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SCR Gate Snubber And Drive Indicator

IP.com Disclosure Number: IPCOM000101172D
Original Publication Date: 1990-Jul-01
Included in the Prior Art Database: 2005-Mar-16
Document File: 3 page(s) / 109K

Publishing Venue

IBM

Related People

Woodworth, GK: AUTHOR

Abstract

The expanding applications of silicon-controlled rectifiers (SCRs) in modern electronic equipment require upgraded methods to control electrical noise. Improved SCRs have higher gain gates that require less drive energy, making them sensitive to disturbance by electrostatic and electromagnetic pickup in their control leads. This unwanted noise can cause uncontrolled turn-on of the SCR, with potentially dangerous and undesirable consequences.

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SCR Gate Snubber And Drive Indicator

       The expanding applications of silicon-controlled
rectifiers (SCRs) in modern electronic equipment require upgraded
methods to control electrical noise.  Improved SCRs have higher gain
gates that require less drive energy, making them sensitive to
disturbance by electrostatic and electromagnetic pickup in their
control leads.  This unwanted noise can cause uncontrolled turn-on of
the SCR, with potentially dangerous and undesirable consequences.

      A snubber is often used to quiet the gate of an SCR and reduce
the effects of stray noise voltage pickup on the gate leads.  A
snubber is usually composed of a parallel resistor and capacitor
connected between the gate and cathode of the SCR, as shown in Fig.
1.  Adding parasitic snubber circuits to reduce the sensitivity of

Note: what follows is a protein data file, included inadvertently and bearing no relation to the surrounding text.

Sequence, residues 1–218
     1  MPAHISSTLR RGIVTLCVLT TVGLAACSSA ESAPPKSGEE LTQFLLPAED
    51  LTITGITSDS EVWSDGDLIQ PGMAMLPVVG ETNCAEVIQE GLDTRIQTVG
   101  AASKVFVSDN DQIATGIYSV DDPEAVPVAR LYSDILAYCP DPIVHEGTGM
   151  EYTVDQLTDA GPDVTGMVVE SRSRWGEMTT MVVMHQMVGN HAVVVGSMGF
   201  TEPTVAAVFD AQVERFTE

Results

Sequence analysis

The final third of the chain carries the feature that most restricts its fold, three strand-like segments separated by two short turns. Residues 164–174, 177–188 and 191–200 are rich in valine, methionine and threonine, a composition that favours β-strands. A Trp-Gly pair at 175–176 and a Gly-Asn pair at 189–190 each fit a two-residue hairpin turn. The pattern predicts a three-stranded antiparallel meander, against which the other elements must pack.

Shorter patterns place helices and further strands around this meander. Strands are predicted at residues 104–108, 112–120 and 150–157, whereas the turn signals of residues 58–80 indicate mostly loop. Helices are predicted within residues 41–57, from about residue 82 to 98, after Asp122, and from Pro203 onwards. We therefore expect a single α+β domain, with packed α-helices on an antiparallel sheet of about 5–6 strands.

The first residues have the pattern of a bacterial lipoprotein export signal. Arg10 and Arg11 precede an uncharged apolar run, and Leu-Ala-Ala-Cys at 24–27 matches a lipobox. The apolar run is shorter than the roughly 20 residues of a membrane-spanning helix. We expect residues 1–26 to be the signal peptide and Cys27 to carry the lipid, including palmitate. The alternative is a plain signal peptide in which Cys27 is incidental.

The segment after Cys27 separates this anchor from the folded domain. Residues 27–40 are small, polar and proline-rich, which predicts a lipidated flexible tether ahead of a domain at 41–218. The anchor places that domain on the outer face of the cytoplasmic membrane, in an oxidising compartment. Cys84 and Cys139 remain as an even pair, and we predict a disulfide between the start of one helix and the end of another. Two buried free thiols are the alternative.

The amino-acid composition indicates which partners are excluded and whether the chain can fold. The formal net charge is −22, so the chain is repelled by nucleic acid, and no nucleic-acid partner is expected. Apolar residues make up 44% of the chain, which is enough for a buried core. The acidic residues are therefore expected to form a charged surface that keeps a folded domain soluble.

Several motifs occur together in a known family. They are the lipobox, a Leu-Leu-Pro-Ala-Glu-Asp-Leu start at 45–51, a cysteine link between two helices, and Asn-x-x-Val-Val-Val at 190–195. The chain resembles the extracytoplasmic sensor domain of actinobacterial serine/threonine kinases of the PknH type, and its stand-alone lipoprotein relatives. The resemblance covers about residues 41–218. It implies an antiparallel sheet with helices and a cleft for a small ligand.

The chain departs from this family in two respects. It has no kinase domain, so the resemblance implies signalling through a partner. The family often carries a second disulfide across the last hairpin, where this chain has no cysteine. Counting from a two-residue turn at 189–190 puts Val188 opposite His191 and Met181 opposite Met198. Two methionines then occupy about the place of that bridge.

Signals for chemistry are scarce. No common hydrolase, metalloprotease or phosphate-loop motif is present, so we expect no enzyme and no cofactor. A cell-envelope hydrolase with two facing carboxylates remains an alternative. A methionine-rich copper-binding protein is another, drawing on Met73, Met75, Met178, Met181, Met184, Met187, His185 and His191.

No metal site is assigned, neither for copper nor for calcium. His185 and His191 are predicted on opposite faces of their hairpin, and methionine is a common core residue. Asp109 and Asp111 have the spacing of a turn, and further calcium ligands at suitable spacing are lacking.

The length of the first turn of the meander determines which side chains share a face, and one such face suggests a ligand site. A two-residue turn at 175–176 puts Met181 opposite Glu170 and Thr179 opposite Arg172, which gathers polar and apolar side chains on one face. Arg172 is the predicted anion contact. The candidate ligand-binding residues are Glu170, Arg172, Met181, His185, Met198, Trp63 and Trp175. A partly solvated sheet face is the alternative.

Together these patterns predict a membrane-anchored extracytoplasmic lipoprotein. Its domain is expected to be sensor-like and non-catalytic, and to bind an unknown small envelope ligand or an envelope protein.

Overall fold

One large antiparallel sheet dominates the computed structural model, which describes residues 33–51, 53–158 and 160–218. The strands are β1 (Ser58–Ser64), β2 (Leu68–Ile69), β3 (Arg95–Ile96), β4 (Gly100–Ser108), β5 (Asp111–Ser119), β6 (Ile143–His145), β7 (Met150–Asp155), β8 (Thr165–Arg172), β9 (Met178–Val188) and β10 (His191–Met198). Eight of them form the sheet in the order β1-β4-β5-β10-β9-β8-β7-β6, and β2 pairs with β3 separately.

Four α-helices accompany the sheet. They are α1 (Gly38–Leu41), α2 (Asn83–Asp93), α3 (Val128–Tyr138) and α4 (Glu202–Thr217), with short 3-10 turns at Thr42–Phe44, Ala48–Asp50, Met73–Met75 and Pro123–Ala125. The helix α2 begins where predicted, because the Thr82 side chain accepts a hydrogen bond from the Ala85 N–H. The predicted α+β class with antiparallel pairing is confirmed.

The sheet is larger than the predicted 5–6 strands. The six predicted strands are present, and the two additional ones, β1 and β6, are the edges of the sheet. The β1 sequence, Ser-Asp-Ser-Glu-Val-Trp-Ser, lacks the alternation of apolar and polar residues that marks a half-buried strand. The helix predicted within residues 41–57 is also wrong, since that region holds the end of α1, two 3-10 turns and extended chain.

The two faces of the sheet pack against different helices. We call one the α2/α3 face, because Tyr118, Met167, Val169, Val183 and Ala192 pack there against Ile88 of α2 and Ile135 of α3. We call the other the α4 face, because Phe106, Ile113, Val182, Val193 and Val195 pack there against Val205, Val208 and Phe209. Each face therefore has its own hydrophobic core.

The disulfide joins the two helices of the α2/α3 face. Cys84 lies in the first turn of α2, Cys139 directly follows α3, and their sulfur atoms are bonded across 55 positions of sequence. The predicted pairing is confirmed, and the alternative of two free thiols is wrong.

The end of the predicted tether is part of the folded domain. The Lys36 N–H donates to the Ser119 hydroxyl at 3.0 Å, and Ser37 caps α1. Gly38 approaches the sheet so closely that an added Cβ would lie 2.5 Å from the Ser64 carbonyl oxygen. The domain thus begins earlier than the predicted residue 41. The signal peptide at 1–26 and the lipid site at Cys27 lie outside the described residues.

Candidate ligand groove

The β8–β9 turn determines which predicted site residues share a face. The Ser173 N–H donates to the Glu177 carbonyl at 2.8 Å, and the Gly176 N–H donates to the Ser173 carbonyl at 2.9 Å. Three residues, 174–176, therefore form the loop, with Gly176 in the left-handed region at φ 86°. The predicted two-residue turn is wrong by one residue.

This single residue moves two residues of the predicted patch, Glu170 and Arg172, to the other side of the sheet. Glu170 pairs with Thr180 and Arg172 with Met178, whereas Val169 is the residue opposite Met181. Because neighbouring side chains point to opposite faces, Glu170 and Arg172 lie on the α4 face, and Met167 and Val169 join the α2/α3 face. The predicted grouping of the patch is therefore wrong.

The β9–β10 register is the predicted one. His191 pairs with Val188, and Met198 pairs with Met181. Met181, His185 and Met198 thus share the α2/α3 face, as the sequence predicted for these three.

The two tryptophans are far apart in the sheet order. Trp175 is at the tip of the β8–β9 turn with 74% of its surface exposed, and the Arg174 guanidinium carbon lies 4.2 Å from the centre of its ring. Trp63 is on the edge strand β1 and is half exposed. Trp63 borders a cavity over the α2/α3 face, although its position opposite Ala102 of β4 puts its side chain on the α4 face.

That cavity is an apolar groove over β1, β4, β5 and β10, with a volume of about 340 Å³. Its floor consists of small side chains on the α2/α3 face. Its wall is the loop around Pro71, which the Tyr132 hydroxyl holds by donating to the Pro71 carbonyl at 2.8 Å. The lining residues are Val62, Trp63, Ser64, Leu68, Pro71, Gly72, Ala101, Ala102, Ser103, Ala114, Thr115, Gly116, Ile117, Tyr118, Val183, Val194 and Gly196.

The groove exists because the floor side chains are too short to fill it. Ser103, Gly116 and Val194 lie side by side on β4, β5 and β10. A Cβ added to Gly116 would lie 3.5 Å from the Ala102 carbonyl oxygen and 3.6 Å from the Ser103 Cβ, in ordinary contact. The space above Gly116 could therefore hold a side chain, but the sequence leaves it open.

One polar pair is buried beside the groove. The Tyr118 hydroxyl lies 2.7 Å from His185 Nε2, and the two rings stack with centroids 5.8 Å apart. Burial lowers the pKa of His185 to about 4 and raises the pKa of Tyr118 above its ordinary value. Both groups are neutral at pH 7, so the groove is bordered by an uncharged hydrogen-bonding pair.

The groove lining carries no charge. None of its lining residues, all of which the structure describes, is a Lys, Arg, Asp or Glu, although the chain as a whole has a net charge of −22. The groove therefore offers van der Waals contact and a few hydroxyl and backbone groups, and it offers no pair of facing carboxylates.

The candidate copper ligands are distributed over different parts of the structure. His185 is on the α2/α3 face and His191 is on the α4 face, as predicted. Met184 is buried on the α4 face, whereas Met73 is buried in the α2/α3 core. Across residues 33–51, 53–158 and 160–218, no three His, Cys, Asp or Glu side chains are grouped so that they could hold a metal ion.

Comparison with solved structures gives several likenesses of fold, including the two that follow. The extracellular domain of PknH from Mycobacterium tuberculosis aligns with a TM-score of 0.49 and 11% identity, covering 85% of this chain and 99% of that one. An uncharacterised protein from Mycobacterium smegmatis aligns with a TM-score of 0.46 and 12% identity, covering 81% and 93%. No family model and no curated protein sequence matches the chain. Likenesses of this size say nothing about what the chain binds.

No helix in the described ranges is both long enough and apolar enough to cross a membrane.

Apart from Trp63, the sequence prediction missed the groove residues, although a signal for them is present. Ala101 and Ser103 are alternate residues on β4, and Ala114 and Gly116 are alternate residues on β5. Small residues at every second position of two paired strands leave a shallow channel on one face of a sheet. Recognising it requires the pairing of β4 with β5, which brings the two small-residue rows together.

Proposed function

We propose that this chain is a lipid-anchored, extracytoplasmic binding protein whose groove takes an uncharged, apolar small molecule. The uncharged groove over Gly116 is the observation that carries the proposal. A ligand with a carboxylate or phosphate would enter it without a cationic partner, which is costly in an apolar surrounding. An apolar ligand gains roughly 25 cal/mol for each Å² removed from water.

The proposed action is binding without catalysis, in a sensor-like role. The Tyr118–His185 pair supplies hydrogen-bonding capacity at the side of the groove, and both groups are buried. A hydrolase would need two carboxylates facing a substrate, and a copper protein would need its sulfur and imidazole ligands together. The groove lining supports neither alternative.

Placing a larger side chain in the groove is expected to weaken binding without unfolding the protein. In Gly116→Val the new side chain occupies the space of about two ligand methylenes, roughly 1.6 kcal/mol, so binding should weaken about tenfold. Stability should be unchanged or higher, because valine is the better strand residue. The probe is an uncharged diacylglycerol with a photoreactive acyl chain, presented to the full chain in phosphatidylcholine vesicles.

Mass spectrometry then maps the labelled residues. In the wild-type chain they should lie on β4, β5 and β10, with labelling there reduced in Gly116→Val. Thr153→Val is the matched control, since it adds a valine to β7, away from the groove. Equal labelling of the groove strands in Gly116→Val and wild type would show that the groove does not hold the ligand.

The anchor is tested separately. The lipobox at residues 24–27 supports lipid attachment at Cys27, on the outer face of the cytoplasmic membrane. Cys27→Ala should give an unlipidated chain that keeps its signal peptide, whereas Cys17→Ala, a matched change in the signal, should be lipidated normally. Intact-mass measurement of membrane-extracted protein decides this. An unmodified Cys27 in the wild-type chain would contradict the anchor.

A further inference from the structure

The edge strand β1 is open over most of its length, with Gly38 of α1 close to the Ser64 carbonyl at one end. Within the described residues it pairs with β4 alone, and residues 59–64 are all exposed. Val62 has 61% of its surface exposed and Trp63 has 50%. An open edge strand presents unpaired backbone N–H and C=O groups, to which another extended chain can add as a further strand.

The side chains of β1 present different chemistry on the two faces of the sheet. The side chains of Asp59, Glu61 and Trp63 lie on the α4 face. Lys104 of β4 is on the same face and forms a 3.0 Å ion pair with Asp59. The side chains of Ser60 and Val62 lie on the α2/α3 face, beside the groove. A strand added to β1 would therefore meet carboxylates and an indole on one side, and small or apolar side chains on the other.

the gate of an SCR reduces the benefit of using a high gain device.
The capacitor is used to absorb the transient noise voltages present
on the gate, while the resistor is used to bleed off the resulting
charges.  This dissipative circuit is intended to reduce the
impedance of the gate circuit and to shunt some of the gate noise
current back to the cathode.

      The improved snubber design described here utilizes a light-
emitting (LED) diode to increase the noise rejection at the gate of
an SCR, as shown in Fig. 2.  This approach does not require the
snubber components to be as large electrically or physically to
achieve greater noise attenuation.  The higher resistance value also
reduces the gate current required from the drive circuits.  The
reduction in gate capacity reduces the turn-off delay on the SCR and
allows its use in higher speed designs.

      The attached schematic shows the gate lead of an SCR and its
snubber connected to the gate and anode terminals. The turn-on
voltage of the SCR is typically about two volts. Desirable gate
signals or noise impulses of this level can initiate conduction of
the SCR.  The regenerative nature of the SCR causes it to remain
conductive until the source of energy reverses polarity or is removed
briefly.  After the current in the device is stopped, the SCR will
regain the ability to block the passage of current and act like an
open switch.

      If an LED is added into the gate lead, as in Fig. 2, the
noise rejection action of the snubber is improved.  The LED onl...